‘Israel will be stronger by a partnership with a Biden administration’

Former Rep. Steve Israel makes the case that Israel will be better off with Joe Biden in the White House.

Democratic U.S. presidential nominee Joe Biden speaks about the economy and the coronavirus disease (COVID-19) pandemic during a campaign stop at UFCW (United Food and Commercial Workers) Local 951 in Grand Rapids, Michigan, U.S., October 2, 2020 (photo credit: REUTERS/BRENDAN MCDERMID)
Democratic U.S. presidential nominee Joe Biden speaks about the economy and the coronavirus disease (COVID-19) pandemic during a campaign stop at UFCW (United Food and Commercial Workers) Local 951 in Grand Rapids, Michigan, U.S., October 2, 2020
(photo credit: REUTERS/BRENDAN MCDERMID)
Israel will do better with Joe Biden in the White House than with President Donald Trump, former New York congressman Steve Israel told The Jerusalem Post.
Israel, who left Congress in 2017, has been one of the people making the case for Biden to the US Jewish community ahead of Tuesday’s election. He recounted some of his personal experiences and conversations with Biden, along with the policies and priorities that made him believe the Democratic candidate is the best for the Jewish state.
The close US-Israel relationship is a strategic asset for the Jewish state, and Israel argued one way the asset would be even greater is that the US would be stronger and more influential on the world stage under a president Biden.
“Israel will be in better shape with a Biden administration because he retains his love of Israel, but at the same time is going to rebuild alliances that have been frayed by the Trump administration, and that makes Israel better off,” he said. “Trump has essentially abdicated US influence in the world. He turned his back on our allies and pulled out of important international institutions.”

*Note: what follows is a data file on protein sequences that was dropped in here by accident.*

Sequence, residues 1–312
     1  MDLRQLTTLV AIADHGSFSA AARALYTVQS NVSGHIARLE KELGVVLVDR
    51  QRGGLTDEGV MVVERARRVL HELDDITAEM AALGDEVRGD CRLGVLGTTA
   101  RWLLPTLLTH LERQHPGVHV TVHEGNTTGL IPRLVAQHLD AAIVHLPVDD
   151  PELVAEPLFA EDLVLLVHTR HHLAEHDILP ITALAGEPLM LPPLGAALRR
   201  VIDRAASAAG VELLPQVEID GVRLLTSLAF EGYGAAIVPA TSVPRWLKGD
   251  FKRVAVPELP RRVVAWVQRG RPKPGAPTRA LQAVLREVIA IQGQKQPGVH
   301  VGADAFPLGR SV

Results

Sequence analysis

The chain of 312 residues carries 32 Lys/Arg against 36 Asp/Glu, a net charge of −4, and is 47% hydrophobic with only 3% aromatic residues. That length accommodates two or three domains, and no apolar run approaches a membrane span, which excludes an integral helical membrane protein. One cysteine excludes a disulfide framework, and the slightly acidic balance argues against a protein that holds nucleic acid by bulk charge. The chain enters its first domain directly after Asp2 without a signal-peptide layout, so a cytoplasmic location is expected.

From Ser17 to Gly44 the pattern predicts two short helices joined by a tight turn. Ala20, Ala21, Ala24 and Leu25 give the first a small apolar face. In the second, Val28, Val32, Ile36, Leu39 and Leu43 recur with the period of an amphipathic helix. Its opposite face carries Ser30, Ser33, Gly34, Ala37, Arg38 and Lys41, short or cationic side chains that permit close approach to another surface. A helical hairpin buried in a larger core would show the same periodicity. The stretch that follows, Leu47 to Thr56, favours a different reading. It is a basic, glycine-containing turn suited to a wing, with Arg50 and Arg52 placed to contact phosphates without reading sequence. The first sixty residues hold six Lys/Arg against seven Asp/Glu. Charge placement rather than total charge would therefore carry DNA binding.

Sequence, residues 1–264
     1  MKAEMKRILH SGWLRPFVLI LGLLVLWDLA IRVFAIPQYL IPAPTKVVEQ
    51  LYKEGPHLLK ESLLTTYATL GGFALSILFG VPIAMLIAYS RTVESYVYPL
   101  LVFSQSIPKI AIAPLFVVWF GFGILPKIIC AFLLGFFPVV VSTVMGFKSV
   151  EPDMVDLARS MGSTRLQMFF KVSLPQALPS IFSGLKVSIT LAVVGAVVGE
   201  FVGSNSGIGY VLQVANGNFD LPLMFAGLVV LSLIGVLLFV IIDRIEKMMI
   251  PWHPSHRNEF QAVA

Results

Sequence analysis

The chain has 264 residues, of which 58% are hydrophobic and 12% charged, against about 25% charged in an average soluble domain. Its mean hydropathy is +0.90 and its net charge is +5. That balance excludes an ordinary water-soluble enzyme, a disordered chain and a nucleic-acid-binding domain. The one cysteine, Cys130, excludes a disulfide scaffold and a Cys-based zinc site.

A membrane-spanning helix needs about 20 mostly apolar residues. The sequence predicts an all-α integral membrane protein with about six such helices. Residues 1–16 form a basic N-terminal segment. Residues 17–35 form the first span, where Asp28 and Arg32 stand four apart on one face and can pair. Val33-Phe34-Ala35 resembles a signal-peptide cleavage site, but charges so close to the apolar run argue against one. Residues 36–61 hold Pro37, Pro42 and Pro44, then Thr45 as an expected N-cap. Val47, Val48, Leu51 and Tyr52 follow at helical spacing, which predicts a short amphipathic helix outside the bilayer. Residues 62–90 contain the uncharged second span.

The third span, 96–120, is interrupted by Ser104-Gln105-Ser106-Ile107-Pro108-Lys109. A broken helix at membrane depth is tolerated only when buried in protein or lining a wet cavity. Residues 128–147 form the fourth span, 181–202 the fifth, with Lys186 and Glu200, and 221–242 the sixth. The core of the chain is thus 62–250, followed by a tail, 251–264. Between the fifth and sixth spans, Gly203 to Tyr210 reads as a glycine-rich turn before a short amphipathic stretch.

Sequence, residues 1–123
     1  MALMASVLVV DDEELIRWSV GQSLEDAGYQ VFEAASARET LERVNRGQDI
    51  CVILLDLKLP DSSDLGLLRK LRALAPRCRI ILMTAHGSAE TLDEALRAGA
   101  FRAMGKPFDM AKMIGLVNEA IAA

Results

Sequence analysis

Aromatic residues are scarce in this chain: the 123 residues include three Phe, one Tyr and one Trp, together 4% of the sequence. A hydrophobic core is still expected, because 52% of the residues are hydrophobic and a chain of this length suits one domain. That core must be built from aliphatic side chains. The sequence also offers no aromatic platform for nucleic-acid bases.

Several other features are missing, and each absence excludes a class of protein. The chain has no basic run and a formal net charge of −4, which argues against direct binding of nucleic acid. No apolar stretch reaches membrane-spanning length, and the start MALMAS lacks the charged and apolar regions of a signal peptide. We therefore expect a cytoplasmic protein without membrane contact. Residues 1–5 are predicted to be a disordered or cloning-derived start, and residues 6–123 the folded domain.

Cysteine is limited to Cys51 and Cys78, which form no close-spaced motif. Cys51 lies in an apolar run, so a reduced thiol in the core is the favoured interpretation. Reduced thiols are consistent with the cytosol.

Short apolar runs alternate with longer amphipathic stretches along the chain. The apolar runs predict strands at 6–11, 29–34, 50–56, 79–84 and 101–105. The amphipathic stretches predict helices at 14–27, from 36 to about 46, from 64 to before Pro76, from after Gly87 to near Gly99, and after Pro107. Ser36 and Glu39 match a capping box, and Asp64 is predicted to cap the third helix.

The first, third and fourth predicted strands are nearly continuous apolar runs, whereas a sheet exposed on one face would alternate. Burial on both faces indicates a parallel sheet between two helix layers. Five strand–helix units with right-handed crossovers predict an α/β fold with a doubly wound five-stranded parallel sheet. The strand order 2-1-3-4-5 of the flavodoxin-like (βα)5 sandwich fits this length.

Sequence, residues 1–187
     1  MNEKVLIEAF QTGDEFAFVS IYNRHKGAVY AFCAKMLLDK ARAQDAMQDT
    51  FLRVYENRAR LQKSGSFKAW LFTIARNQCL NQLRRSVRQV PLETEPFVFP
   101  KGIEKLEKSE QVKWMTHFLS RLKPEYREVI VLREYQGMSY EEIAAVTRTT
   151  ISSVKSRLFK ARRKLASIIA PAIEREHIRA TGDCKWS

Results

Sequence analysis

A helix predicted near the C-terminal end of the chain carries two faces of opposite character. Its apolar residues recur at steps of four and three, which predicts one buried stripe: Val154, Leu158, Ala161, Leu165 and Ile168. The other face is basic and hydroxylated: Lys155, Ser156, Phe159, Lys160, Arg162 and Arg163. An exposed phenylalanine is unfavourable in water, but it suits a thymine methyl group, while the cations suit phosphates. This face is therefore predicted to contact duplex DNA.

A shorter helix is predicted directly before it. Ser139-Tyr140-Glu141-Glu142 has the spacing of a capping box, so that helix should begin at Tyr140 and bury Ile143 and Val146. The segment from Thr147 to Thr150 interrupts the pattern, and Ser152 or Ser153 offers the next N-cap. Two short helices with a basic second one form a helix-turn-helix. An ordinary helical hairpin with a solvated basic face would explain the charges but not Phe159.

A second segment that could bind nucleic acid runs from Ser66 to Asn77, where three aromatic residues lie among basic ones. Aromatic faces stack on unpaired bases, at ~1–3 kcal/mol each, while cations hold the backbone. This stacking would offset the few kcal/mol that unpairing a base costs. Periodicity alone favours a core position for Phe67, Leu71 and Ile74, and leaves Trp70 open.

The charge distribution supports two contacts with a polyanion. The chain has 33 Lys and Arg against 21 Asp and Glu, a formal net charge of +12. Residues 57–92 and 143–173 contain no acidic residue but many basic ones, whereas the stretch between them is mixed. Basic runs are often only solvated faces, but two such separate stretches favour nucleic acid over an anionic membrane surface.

Under Trump, the US “has gone from listened to by our allies to mocked by our allies,” he added.
Biden, however, will reengage with US allies and support democratic values in the world, the former member of Congress said, calling Israel “an indispensable part of that coalition.”
One of Biden’s policy positions is that the US should return to the Joint Comprehensive Plan of Action, as the 2015 Iran nuclear deal is known, but to strengthen it. However, Biden and his campaign surrogates have not specified how he would seek to make the deal stronger.
Pressed on that matter, Israel said: “It would be unfair for me in late October to tell you what a very specific line-item policy will be in January.”
“Right now, Iran’s economy is doing very poorly,” he said. “They are worse off as a result of existing sanctions, nuclear and not, so you’ve got to assess the landscape of foreign policy in context.”
“If Joe Biden is president, he will assess the conditions at the time and determine the best course of action that reduces or eliminates Iran’s nuclear capabilities and protects the US and Israel. That, I expect, will be the foundation of his policy,” he added.
Israel said he had concerns about the Iran deal when he was in Congress, but Trump leaving the deal in 2018 without a new agreement to replace it “has left Israel worse off and Iran better off in terms of its nuclear capacity.”
The Trump administration acting without help from its allies – in this case, Europe – reduced its global influence, he said.
The UN arms embargo on Iran, which expired last month with most of the world disregarding US attempts to extend it, is a “perfect example” of that, Israel said.
“Once upon a time, when the US walked into the UN Security Council and said we have an objective, everyone would listen,” he said. “This time, all but one voted against us on the arms embargo. There is no more-telling example of the impact of declining US influence under Trump than that one, and that one has direct implications for Israel.”
Asked if Biden would continue Trump’s policy to encourage Arab and Muslim states to establish diplomatic relations with the Jewish state, Israel said: “Though the United Arab Emirates and Bahrain have never been at war with Israel, this normalization is a very important step.”
“What we need to do now is broaden the context,” he said. “I’m sure that president Biden will be focused on that based on his intimate understanding of the region and its complexities.”